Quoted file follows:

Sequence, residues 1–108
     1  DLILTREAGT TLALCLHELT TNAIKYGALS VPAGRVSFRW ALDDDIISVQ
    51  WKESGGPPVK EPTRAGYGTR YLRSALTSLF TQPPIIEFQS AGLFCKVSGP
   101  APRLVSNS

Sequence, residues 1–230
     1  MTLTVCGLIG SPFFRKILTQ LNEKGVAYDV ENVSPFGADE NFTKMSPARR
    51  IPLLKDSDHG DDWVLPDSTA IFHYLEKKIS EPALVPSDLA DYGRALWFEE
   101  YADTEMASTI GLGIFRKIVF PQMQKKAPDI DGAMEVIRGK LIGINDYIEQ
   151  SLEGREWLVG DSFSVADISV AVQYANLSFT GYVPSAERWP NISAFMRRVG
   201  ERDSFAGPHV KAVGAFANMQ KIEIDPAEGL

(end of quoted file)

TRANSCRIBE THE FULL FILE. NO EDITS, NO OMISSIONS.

Sequence, residues 1–108
     1  DLILTREAGT TLALCLHELT TNAIKYGALS VPAGRVSFRW ALDDDIISVQ
    51  WKESGGPPVK EPTRAGYGTR YLRSALTSLF TQPPIIEFQS AGLFCKVSGP
   101  APRLVSNS

Sequence, residues 1–230
     1  MTLTVCGLIG SPFFRKILTQ LNEKGVAYDV ENVSPFGADE NFTKMSPARR
    51  IPLLKDSDHG DDWVLPDSTA IFHYLEKKIS EPALVPSDLA DYGRALWFEE
   101  YADTEMASTI GLGIFRKIVF PQMQKKAPDI DGAMEVIRGK LIGINDYIEQ
   151  SLEGREWLVG DSFSVADISV AVQYANLSFT GYVPSAERWP NISAFMRRVG
   201  ERDSFAGPHV KAVGAFANMQ KIEIDPAEGL